Padraic Colum (18811972). The Golden Fleece and the Heroes Who Lived before Achilles. 1921.
Part I. The Voyage to Colchis
Chapter XI. The Passage of the Symplegades
THEY came near Salmydessus, where Phineus, the wise king, ruled, and they sailed past it; they sighted the pile of stones, with the oar upright upon it that they had raised on the seashore over the body of Tiphys, the skillful steersman whom they had lost; they sailed on until they heard a sound that grew more and more thunderous, and then the heroes said to each other, Now we come to the Symplegades and the dread passage into the Sea of Pontus.
It was then that Jason cried out: Ah, when Pelias spoke of this quest to me, why did I not turn my head away and refuse to be drawn into it? Since we came near the dread passage that is before us I have passed every night in groans. As for you who have come with me, you may take your ease, for you need care only for your own lives. But I have to care for you all, and to strive to win for you all a safe return to Greece. Ah, greatly am I afflicted now, knowing to what a great peril I have brought you!
So Jason said, thinking to make trial of the heroes. They, on their part, were not dismayed, but shouted back cheerful words to him. Then he said: O friends of mine, by your spirit my spirit is quickened. Now if I knew that I was being borne down into the black gulfs of Hades, I should fear nothing, knowing that you are constant and faithful of heart.
As he said this they came into water that seethed all around the ship. Then into the hands of Euphemus, a youth of Iolcus, who was the keenest-eyed amongst the Argonauts, Jason put the pigeon that Hypsipyle had given him. He bade him stand by the prow of the Argo, ready to loose the pigeon as the ship came nigh that dreadful gate of rock.
They saw the spray being dashed around in showers; they saw the sea spread itself out in foam; they saw the high, black rocks rush together, sounding thunderously as they met. The caves in the high rocks rumbled as the sea surged into them, and the foam of the dashing waves spurted high up the rocks.
As the rocks met, Euphemus loosed the pigeon. With his keen eyes he watched her fly through the spray. Would she, not finding an opening to fly through, turn back? He watched, and meanwhile the Argonauts gripped hard on the oars to save the ship from being dashed on the rocks. The pigeon fluttered as though she would sink down and let the spray drown her. And then Euphemus saw her raise herself and fly forward. Toward the place where she had flown he pointed. The rowers gave a loud cry, and Jason called upon them to pull with might and main.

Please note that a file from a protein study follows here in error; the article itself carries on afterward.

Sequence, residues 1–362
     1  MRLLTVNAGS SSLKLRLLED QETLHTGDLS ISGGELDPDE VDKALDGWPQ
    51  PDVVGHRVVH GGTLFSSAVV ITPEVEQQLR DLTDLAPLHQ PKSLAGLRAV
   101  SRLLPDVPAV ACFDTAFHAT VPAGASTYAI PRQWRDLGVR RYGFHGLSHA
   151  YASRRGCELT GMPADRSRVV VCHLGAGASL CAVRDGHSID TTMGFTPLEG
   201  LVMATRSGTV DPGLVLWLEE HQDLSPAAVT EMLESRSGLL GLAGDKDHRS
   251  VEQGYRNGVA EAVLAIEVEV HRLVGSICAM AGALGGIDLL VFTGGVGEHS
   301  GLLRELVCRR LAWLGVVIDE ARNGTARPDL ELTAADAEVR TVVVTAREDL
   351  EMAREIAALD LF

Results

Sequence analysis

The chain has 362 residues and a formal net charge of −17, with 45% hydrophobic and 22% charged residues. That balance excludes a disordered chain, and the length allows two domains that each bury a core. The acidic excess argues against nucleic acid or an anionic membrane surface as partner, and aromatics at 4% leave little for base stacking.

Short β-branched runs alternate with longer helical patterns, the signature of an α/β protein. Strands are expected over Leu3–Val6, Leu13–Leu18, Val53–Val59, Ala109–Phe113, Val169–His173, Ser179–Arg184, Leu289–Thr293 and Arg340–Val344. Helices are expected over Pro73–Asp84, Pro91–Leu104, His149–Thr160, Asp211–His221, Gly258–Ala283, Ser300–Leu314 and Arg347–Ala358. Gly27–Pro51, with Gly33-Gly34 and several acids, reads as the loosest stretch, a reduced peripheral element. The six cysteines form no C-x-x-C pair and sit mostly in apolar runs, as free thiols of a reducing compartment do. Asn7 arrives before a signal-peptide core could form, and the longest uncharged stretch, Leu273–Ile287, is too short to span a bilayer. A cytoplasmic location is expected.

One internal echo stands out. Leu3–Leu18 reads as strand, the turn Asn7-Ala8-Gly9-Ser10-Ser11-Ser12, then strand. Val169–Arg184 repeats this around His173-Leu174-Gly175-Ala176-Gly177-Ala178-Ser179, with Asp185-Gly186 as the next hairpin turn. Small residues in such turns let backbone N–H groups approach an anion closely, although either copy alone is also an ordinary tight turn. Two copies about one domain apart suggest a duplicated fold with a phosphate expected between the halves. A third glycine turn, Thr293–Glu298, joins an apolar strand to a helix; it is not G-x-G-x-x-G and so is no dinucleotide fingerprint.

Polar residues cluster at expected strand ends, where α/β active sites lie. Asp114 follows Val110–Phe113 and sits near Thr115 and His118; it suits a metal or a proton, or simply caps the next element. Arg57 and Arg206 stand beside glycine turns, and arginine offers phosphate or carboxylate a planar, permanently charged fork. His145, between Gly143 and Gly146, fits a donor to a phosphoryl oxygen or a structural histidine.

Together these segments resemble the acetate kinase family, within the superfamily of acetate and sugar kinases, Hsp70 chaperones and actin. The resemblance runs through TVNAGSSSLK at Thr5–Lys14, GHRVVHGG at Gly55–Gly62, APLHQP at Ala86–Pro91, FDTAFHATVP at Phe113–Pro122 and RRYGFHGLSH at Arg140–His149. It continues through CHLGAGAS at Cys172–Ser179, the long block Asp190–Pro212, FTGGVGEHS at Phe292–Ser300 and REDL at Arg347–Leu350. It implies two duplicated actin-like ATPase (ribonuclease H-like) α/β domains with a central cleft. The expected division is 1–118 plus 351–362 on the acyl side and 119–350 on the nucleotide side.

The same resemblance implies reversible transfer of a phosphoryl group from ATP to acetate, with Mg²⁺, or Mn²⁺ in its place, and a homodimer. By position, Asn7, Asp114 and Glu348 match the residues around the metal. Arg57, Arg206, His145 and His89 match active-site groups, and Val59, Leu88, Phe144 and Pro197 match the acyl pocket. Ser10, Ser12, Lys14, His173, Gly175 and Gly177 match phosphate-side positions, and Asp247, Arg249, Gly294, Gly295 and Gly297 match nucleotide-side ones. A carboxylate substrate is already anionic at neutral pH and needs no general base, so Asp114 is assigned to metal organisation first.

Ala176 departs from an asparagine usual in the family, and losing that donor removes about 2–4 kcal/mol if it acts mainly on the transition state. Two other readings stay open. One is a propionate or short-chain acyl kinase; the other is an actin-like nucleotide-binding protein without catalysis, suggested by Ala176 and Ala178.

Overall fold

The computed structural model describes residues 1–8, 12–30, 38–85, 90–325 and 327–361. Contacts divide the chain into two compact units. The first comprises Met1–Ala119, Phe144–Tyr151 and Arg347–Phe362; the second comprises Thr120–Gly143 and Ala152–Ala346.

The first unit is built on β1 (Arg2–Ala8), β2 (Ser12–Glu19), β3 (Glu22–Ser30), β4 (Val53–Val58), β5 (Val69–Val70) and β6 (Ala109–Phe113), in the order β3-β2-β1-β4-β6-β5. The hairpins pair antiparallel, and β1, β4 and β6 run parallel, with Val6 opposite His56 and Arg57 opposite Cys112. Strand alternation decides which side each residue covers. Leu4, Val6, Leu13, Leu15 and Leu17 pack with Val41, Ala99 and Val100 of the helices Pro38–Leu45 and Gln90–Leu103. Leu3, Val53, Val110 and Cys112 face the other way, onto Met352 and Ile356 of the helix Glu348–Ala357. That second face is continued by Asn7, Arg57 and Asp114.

The rocks were parting asunder, and to the right and left broad Pontus was seen by the heroes. Then suddenly a huge wave rose before them, and at the sight of it they all uttered a cry and bent their heads. It seemed to them that it would dash down on the whole ships length and overwhelm them all. But Nauplius was quick to ease the ship, and the wave rolled away beneath the keel, and at the stern it raised the Argo and dashed her away from the rocks.
They felt the sun as it streamed upon them through the sundered rocks. They strained at the oars until the oars bent like bows in their hands. The ship sprang forward. Surely they were now in the wide Sea of Pontus!
The Argonauts shouted. They saw the rocks behind them with the sea fowl screaming upon them. Surely they were in the Sea of Pontusthe sea that had never been entered before through the Rocks Wandering. The rocks no longer dashed together; each remained fixed in its place, for it was the will of the gods that these rocks should no more clash together after a mortals ship had passed between them.
They were now in the Sea of Pontus, the sea into which flowed the river that Colchis was uponthe River Phasis. And now above Jasons head the bird of peaceful days, the Halcyon, fluttered, and the Argonauts knew that this was a sign from the gods that the voyage would not any more be troublous.